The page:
“Had NLB not disqualified these two bidders, the outcome of the award could have been different,” said the AGO.
For some cases, the scoring matrix used to compute evaluation scores was only determined after the close of the tender or quotation, or with no evidence showing otherwise, said the authority.
“As the bids would have been known by then, NLB could be subject to allegations that the scoring matrix was designed to favour certain bidders,” said the AGO.
NLB also failed to adequately assess the price reasonableness of single bids in seven of the nine cases.
In several cases, NLB had concluded that a single bid was reasonable after comparing it against its own estimated procurement value, even though its estimated procurement value could not be substantiated with supporting documents, or was taken from budgetary quotes by the vendor later recommended for award of tender.
“Comparing the bid against the EPV (estimated procurement value) derived from the same bidder is effectively a self-to-self comparison,” said the AGO.
“In most of these cases, there was no evidence that the approving authority had questioned the inadequate assessment.”
For other cases, NLB had concluded that the price of the single bid was reasonable after comparing it with past tenders or quotations, but it did not take into account differences in scope and specifications.
The board also did not highlight these differences in the evaluation report for the approving authority to make an “informed decision”.
NLB TAKES AUDIT OBSERVATION “SERIOUSLY”
In a statement on Monday, NLB said that it takes the audit observations by the AGO “seriously”, citing measures it has taken to address the lapses.
Regarding the lapses in management of contract variations for the National Archives of Singapore project, NLB said that it had introduced the in-principle approval process in September 2018 to enable urgent variation works to be carried out "without undue delay".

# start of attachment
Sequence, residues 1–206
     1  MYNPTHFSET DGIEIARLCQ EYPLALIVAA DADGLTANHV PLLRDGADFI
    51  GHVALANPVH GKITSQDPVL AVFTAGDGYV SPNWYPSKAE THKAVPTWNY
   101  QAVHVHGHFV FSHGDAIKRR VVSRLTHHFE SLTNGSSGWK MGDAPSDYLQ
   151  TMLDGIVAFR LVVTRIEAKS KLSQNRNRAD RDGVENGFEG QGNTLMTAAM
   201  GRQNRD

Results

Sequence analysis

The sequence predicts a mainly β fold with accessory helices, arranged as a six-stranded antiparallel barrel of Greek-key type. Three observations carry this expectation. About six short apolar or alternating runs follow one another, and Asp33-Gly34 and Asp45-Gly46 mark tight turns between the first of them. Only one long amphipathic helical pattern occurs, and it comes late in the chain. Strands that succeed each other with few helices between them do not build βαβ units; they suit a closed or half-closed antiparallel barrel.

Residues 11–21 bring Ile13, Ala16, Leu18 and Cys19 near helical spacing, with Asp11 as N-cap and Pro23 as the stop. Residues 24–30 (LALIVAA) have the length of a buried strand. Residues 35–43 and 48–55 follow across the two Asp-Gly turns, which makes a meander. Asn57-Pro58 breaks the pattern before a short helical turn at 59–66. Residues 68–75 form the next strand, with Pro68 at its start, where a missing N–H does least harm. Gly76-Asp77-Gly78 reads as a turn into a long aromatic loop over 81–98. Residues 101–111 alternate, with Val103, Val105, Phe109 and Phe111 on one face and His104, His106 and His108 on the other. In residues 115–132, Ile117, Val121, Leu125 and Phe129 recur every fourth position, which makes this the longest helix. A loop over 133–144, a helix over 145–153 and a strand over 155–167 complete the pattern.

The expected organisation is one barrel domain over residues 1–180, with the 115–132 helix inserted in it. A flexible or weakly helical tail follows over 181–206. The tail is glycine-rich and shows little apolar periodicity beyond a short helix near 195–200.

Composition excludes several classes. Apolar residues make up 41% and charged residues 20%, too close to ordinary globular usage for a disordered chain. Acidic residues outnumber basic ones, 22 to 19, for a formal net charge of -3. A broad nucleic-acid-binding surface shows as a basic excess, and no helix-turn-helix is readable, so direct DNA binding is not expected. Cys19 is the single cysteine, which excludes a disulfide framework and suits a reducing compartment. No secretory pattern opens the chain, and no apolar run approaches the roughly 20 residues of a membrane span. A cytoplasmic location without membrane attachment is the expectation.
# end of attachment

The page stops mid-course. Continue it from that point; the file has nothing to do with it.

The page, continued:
These are subsequently formalised via requests for variation orders, and costs involved for each are independently reviewed by NLB-appointed consultants before any payment is made by NLB, it said.
After the completion of the revamp - and prior to the AGO's audit - NLB said it had conducted a "post-action review" to enhance its processes to ensure "timely and well-documented approval", including for urgent variation works.
"NLB will ensure continued compliance with these processes, and is implementing an online system to track contract variations and cost utilisation for projects in 2021."
As for the procurement lapses, NLB said it has “further enhanced the robustness” of its procurement evaluation process with immediate effect, especially for single bids and single qualifying bids received through open tenders and quotations to “ensure fair competition".
It said it would also continue to regularly review its internal processes and step up its conduct of procurement briefings and staff training.
In addition, NLB has implemented a "robotics process automation" system to “manage repetitive and manual tasks” to minimise human error, it said.
The board has also been aggregating demand in purchases of common categories of goods and services to achieve economies of scale and reap savings, where possible, it added.
“Moving forward, NLB will step up the use of analytical tools to parse procurement data to improve decision-making and strengthen procurement governance,” it said.